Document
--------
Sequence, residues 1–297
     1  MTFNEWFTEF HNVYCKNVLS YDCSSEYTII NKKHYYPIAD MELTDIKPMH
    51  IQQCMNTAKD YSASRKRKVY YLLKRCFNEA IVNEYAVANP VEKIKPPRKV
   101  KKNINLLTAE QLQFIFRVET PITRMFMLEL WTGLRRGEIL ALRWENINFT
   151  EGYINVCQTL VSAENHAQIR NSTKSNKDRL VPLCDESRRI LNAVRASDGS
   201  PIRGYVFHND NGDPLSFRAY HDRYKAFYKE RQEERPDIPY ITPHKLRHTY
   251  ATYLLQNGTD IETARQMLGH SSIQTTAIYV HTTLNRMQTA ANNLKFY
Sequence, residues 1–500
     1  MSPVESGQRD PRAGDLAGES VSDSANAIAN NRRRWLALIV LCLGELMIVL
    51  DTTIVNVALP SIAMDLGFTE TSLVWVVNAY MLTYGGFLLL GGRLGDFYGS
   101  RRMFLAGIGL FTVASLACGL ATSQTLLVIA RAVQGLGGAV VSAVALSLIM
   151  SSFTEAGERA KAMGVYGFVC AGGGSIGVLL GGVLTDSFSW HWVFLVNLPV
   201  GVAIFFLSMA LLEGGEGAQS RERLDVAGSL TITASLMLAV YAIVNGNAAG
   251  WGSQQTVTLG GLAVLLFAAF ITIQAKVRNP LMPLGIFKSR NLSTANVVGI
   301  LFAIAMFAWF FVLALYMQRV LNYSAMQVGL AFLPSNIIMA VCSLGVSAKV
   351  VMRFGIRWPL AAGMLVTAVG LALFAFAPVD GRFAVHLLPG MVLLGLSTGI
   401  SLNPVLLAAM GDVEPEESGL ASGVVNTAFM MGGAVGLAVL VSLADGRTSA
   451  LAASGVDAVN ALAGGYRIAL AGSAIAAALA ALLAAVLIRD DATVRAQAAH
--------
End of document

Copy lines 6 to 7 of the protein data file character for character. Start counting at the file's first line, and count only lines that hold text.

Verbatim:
   201  PIRGYVFHND NGDPLSFRAY HDRYKAFYKE RQEERPDIPY ITPHKLRHTY
   251  ATYLLQNGTD IETARQMLGH SSIQTTAIYV HTTLNRMQTA ANNLKFY